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Five keys to Pistons’ win in Game 4

James Hawkins
The Detroit News
Andre Drummond drives around the Cavaliers' Tristan Thompson in the first  quarter of Game 3.

The Pistons have taken the Cavaliers’ body blows and now find themselves looking to avoid the knockout punch.

Teetering on the brink of elimination and facing a 3-0 series deficit, the Pistons are faced with the extremely difficult task of winning four straight games against the Eastern Conference’s top seed.

The Pistons have showed plenty of fight, but there are several areas they must improve on if they plan on snapping their 11-game playoff losing streak to the Cavaliers.

Here are five keys for a Pistons’ Game 4 win and beyond:

Limit the deep ball

The Cavaliers have plenty of shooters and have been letting it fly from 3-point range. Through the first three games, they are shooting 43 percent (44-for-102) from beyond the arc and tied an NBA playoff record with 20 made 3-pointers in Game 2. Pistons coach Stan Van Gundy said prior to Game 3 he wanted to cut down on Cleveland’s attempts, citing it as a reason the Cavaliers have had their way with his team. In Game 3, the Cavaliers used 3-pointers from J.R. Smith and Kyrie Irving to pull away, turning a two-point lead into an eight-point cushion late in the fourth quarter.

Slow the Cavaliers’ Big 3

Simply put, the Cavaliers’ stars are playing like stars. Trying to contain just one of them is easier said than done considering Cavaliers coach Tyronn Lue said LeBron James, Kevin Love and Irving are clicking together at a level he's never seen. Van Gundy switched up the defensive scheme in Game 3 and doubled Love whenever he got the ball in the post in an attempt to take away one of the Cavaliers’ weapons. It didn’t pan out as the trio has combined to score 81, 65 and 66 points in the series so far.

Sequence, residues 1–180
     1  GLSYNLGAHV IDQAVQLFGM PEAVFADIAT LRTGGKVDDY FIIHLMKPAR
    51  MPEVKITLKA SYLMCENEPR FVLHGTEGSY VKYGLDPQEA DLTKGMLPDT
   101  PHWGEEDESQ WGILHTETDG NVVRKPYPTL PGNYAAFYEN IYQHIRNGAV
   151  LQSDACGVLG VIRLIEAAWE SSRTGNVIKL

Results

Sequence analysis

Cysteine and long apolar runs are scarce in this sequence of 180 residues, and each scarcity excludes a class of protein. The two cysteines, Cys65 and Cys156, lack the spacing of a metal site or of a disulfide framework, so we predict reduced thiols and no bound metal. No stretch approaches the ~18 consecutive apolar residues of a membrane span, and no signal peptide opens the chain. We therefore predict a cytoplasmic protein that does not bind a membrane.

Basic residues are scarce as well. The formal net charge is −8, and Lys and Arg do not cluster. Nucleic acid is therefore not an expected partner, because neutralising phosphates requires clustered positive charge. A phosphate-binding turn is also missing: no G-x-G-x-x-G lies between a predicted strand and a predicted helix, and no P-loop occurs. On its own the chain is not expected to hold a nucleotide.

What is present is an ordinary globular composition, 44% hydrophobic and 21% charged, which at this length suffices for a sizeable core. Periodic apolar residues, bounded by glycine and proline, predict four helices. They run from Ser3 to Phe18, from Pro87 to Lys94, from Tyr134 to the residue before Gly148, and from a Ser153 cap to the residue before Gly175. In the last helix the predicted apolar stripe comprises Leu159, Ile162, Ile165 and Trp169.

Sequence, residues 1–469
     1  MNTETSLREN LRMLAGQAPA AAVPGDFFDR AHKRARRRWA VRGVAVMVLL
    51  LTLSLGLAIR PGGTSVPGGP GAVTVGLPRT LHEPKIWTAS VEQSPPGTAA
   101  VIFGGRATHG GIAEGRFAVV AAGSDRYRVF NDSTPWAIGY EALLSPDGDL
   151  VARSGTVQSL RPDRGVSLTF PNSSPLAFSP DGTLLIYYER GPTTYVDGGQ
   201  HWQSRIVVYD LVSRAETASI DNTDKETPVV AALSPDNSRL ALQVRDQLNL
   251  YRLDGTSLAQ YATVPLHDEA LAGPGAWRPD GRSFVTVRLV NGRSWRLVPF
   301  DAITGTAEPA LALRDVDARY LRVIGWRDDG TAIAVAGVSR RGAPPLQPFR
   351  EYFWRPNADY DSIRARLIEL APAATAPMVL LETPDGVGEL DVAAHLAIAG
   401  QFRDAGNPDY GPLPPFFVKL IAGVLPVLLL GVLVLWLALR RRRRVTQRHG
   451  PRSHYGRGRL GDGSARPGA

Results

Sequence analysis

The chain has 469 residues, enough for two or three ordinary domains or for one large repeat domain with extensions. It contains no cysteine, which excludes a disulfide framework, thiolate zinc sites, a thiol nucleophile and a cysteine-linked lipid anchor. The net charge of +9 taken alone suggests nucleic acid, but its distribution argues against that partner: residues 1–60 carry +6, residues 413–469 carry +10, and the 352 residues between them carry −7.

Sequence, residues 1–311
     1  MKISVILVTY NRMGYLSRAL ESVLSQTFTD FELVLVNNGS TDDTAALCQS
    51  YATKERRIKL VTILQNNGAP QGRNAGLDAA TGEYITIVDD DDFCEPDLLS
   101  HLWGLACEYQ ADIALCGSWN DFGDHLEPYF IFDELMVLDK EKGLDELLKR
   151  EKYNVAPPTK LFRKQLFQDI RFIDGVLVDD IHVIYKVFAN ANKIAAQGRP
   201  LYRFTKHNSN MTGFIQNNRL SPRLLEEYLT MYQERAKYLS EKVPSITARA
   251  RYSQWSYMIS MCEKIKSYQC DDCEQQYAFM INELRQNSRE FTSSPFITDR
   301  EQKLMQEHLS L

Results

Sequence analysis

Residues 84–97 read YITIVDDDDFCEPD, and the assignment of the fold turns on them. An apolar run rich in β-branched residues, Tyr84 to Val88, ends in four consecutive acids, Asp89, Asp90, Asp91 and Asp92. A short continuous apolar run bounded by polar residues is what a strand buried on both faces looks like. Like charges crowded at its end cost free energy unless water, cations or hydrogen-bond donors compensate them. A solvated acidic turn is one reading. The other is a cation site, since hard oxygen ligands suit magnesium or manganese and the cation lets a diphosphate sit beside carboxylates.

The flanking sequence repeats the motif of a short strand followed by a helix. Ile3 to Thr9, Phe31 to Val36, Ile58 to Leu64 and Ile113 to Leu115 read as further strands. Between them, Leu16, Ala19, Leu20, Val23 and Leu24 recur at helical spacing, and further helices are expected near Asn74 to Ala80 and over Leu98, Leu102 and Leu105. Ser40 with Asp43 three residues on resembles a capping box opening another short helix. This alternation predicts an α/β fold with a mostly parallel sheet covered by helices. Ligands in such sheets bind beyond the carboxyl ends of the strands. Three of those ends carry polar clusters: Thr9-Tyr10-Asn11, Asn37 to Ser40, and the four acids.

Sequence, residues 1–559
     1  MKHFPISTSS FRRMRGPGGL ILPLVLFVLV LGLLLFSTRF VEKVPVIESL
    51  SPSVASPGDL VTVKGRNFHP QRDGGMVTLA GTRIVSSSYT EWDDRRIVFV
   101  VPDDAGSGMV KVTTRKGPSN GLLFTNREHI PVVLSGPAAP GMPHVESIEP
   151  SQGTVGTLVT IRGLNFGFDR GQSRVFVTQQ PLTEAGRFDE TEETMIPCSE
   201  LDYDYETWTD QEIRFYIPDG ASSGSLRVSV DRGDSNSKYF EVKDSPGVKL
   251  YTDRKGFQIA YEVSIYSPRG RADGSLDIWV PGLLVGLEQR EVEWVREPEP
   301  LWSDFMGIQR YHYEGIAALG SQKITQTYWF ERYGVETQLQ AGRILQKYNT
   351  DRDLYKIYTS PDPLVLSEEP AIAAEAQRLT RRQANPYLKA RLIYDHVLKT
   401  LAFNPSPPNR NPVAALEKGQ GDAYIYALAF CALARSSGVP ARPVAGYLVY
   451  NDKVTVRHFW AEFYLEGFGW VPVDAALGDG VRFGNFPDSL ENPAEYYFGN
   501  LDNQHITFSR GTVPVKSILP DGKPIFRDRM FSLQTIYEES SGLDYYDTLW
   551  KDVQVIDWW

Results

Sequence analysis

Tobias Harris tries to drive on LeBron James during Game 1 in Cleveland.

Get some Harris carryover

After being acquired from the Magic in February, Tobias Harris provided a spark for the Pistons in the final 27 regular-season games. He averaged 16.6 points while shooting 48 percent from the field and 38 percent on 3-pointers. In the playoffs, though, Harris has struggled with James primarily guarding him, averaging 11.7 points and connecting on 41 percent on his shots (25 percent on 3-pointers). Harris seemed to disappear at times during Game 3 before he got rolling and established a rhythm in the fourth quarter with eight points, something the Pistons hope will carry over.

Control the boards

One of the Pistons’ strengths is their rebounding, but they have been outrebounded by the Cavaliers in two of the three games. In Games 1 and 3, the Cavaliers grabbed 40 and 46 rebounds, including 12 offensive boards in each. In Game 3, the Cavaliers made the Pistons pay with their extra possessions to the tune of 17 second-chance points. They also had four players (Tristan Thompson, Smith, Love, James) finish with more rebounds than Andre Drummond, who won the regular-season rebounding crown. The Pistons can ill afford to give the Cavaliers, who ranked No. 5 in the league in scoring, extra touches in the postseason where each and every possession is crucial.

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Finish strong

It’s been a recurring issue in this series. The Pistons hang around with the Cavaliers through the first two quarters, only to have 5-minute stretches where things start to unravel. The Pistons had a chance to steal Game 1 in Cleveland but let the chance slip away as the Cavaliers went on a late run. In Game 2, the Pistons trailed by one at halftime before being outscored 27-15 in the third and never recovering. Then in Game 3, the Pistons faced a five-point deficit in the final 3:30 and only managed to score one point the rest of the game. In order for the Pistons to force a Game 5, it largely will come down to getting key stops and clutch baskets in crunch time.

jhawkins@detroitnews.com

Twitter: @jamesbhawkins